You can’t really have a great SEO strategy without keyword research. After all, keywords are a fundamental aspect of natural search whether you’re writing a blog post or a title tag. You can use a variety of different tools to do your keyword research, all of which come with their own pros and cons.
In this post, I’m going to focus on how you can use Google itself use to conduct free keyword research by going over how I use Google Keyword Planner, Google Search Results Pages (SERPs), and Google Trends.
1) Google Keyword Planner
- To determine search volume and how competitive keywords are
- To get new suggestions and ideas for keywords
The only downside to Keyword Planner is that you need a Google Ads account (which requires a domain) in order to access it, so if you don’t have one, you may not be able to use it. However, it should be noted that you don’t have to pay for ads to access Keyword Planner. I’ve never spent a dime on PPC ads for my website but I still use Keyword Planner on a regular basis.
If you do have a Google Ads account, simply login to Keyword Planner and select either Discover new keywords or Get search volume and forecasts, plug in your keywords, and go.
The pros of using Keyword Planner for keyword research are:
- It can suggest new keywords and phrases for you to use
- It gives you an idea of the search volume and competitiveness of your keywords
- It can tell you which keywords aren’t worth using at all
- It’s made by Google, so if you’re targeting Google as a search engine, it’s a good place to start
- It can be set to different countries, languages, and regions
The cons of Keyword Planner for keyword research are:
- It’s built for PPC so not all of the information is relevant to SEO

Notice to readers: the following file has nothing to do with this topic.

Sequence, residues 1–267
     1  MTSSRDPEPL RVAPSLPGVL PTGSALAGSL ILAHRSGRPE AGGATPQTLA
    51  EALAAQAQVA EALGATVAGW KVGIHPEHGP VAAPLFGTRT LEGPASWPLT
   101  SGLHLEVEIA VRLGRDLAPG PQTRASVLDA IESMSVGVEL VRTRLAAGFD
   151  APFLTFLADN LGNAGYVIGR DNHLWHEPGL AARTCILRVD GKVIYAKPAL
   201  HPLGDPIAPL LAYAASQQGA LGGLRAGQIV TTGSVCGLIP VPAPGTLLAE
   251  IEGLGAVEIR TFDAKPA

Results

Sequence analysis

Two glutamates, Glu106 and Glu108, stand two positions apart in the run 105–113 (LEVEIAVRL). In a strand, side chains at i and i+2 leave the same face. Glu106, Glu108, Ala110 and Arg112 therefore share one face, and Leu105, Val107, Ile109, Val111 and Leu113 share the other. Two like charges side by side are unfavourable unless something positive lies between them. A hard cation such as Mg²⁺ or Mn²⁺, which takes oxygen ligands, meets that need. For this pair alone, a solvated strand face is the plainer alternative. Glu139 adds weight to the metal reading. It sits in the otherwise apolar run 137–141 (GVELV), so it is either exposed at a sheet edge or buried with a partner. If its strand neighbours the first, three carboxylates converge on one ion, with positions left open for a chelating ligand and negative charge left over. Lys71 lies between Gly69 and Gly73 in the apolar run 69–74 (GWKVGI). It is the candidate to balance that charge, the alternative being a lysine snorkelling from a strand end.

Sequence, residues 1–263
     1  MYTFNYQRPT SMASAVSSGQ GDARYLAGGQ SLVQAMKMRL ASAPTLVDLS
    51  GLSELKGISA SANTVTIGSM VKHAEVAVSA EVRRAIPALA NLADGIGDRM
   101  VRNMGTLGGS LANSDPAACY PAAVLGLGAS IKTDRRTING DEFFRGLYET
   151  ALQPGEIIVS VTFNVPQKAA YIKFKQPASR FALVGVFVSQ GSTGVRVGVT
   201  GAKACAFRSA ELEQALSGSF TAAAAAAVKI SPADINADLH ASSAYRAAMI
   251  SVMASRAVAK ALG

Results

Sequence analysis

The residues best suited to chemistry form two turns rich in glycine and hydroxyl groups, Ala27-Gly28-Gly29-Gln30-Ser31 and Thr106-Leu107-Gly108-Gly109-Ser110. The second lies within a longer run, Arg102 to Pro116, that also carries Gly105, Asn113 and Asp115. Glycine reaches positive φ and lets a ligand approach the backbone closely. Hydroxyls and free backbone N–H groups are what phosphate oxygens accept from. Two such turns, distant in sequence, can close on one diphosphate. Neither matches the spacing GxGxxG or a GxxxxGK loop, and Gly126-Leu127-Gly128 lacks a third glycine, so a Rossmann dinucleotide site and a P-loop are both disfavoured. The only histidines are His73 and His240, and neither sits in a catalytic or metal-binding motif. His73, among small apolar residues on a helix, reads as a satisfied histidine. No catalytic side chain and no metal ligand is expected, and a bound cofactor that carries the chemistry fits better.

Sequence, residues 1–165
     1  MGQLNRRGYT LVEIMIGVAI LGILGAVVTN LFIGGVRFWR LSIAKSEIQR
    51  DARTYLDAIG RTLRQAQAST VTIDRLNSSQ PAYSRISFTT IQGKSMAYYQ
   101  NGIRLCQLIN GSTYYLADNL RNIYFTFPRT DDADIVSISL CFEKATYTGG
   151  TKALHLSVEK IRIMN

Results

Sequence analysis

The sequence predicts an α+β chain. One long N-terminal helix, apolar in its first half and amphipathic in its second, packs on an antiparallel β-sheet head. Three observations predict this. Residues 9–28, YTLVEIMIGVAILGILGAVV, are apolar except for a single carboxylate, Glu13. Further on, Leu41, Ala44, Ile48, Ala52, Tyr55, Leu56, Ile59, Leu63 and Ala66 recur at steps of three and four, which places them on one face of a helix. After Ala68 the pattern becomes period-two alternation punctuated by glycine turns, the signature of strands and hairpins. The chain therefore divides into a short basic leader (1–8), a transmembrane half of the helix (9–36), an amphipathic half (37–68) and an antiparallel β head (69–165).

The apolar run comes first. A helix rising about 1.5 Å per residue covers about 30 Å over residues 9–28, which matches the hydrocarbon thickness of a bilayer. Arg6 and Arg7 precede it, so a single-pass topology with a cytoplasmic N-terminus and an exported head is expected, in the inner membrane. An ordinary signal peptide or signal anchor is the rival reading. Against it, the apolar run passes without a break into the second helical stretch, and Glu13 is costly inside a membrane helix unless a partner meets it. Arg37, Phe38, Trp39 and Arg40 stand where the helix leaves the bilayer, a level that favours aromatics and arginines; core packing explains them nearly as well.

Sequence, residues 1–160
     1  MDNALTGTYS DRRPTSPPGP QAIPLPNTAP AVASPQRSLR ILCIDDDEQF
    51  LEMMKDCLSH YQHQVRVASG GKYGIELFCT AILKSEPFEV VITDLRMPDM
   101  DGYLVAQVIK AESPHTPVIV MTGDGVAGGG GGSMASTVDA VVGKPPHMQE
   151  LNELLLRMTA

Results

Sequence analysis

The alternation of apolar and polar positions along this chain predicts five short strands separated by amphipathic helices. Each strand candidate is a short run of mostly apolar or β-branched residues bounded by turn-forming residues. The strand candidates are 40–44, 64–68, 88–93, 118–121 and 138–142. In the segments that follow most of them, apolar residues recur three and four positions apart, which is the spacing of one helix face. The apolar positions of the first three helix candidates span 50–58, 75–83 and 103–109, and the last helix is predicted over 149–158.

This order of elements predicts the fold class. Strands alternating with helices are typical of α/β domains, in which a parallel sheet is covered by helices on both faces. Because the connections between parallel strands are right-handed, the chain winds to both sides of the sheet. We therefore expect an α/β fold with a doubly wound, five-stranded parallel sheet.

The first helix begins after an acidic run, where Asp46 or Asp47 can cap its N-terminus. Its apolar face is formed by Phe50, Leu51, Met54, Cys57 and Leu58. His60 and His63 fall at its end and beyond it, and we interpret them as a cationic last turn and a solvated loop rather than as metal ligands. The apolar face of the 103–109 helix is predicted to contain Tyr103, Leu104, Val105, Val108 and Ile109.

- You need to have an Ads account to access it
- The search volume ranges can be large (for example, 100 – 1000 or 1000 – 10000)
- It doesn’t always suggest relevant alternative keywords
2) Google Search Results Pages
Google search results are constantly changing, so it can be hard to mention a specific feature that you like while keeping your content relevant. However, there are a few different ways to use search results to contribute to your keyword research.
Start by typing in your query and letting Google populate search results for that keyword. There are three main results to pay attention to:
- Competitor content
- People Also Ask boxes
- The suggested search terms at the bottom of the first page of the results
Google SERPs are some of the easiest and most straightforward ways to conduct basic keyword research. I always reference search results when doing any kind of keyword research, regardless of what it’s for.
The pros of Google SERPs for keyword research are:
- They’re easy to access and use
- They can give you relevant alternative keywords
- The additional search phrases and terms help you to plan out headers
- They’re a great way to find additional queries
- They show you who’s ranking and for what
- They can give you new ideas for microblogs and articles
The cons of Google SERPs for keyword research are:
- Results vary depending on what you search, your browser history, and your location
- They won’t give you any numbers
- They can be overwhelming if you don’t know how to use them to your advantage
3) Google Trends
Google Trends is another awesome tool that can help you during keyword research. While it doesn’t suggest new keywords, it can help you to sort through a keyword list, and it comes in especially handy when writing content for other countries or regions.
Google Trends works by letting you see which of your keywords are trending. I like to use it for alternate names because it shows me which are still in use versus those that are no longer popular. This makes it easier to keep content fresh and relevant while ensuring that I hit the most important keywords.
To use it, plug in the keywords you want to check on, chose the country you’re writing for, and select a timeframe.
The pros of Google Trends for keyword research are:
- It gives you a chance to hop on trending keywords
- It shows you which keywords are relevant and which aren’t
- You can use it for different countries
- It divides data by region, like state or province
- It has actual search volume
The cons of Google Trends for keyword research are:
- It doesn’t provide any context for trending queries
- It only provides basic numbers
- It doesn’t suggest additional terms or phrases